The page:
House lawmakers continue ‘reg relief’ campaign, marking up latest laundry list of provisions

At least 17 “regulatory relief” items – including several provisions based on similar items contained in the already-House approved H.R. 10, the Financial CHOICE Act – will be marked up by the Financial Services Committee Wednesday.

Among the key provisions to be marked up: H.R. 1264, the Community Financial Institution Exemption Act, which would exempt “insured depository institutions or credit unions” with less than $50 billion in assets from “from all rules and regulations issued by the Consumer Financial Protection Bureau (CFPB).”

Introduced by Rep. Roger Williams (R-Texas), the provision does allow the consumer bureau to revoke the exemption for a certain regulation – or class of institutions – “under specified circumstances” and with the written agreement of the Federal Reserve Board and other specified federal banking agencies.

Other items to be marked up affecting federal financial institution regulation include (by the agencies or issues affected):

CFPB (insurance agent exemption; lawyers’ bill collector exemption)

  • H.R. 3746, Business of Insurance Regulatory Reform Act of 2017, (introduced by Rep. Sean Duffy (R-Wis.), amends the Dodd-Frank Wall Street Reform and Consumer Financial Protection Act of 2010 (Dodd-Frank) to exempt persons engaged in the business of insurance and who are already regulated by a state insurance regulator from the CFPB’s enforcement.
  • H.R. 4550, Practice of Law Technical Clarification Act of 2017, (introduced by Rep. Vicente Gonzalez, D-Texas), excludes from the definition of “debt collector” attorneys or law firms working in connection with a pending legal action to collect a debt on behalf of a client. The measure also would also clarify the Dodd-Frank Act to provide that the CFPB has no authority over attorneys engaged in law practice and that are not offering or providing consumer financial products for services.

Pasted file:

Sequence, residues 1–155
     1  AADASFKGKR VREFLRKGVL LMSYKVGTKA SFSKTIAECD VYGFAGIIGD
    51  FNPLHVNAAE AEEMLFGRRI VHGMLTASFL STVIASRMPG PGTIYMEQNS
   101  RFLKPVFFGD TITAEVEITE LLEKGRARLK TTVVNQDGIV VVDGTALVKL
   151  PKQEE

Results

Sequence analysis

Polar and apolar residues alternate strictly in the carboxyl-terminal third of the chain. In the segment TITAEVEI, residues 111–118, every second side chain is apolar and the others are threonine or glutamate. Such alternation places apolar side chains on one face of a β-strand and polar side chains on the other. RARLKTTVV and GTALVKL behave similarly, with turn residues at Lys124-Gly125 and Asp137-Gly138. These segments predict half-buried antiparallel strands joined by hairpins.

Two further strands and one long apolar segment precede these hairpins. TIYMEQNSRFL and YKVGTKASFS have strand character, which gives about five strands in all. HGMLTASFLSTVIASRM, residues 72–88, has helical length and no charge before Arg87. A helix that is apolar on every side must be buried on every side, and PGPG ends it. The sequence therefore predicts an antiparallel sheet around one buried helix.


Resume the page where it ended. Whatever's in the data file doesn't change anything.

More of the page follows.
NCUA, CFPB (FFIEC; extends EGRPRA to credit union regulator, consumer agency)

  • H.R. 4607, Comprehensive Regulatory Review Act, (introduced by Rep. Barry Loudermilk, R-Ga.), amends the Economic Growth and Regulatory Paperwork Reduction Act of 1996 (EGRPRA) to require each of the members of the Federal Financial Institutions Examination Council (FFIEC) – including the National Credit Union Administration (NCUA) and the CFPB, which are not now covered under EGRPRA – to conduct at least once every seven years a comprehensive review of all their regulations issued after 2006. The aim is to “identify outdated or otherwise unnecessary regulations and tailor other regulations related to insured depository institutions” or any entity that offers consumer financial products or services.

TRANSNATIONAL CRIMINAL ORGANIZATIONS (TCOs)

  • H.R. 4768, National Strategy for Combating the Financing of Transnational Criminal Organizations (TCOs) Act, (introduced by Rep. David Kustoff (R-Tenn.), requires the president to develop a national strategy to combat financial networks of transnational criminal organizations (TCOs) not later than one year after enactment of the bill and every two years thereafter.

Meanwhile, the Wednesday mark-up will also consider provisions already contained (or based on provisions) in the Financial CHOICE Act (passed by the House last summer, but not yet considered in the Senate). Those provisions being marked up and affecting financial institution regulation include (by the agencies or rules affected):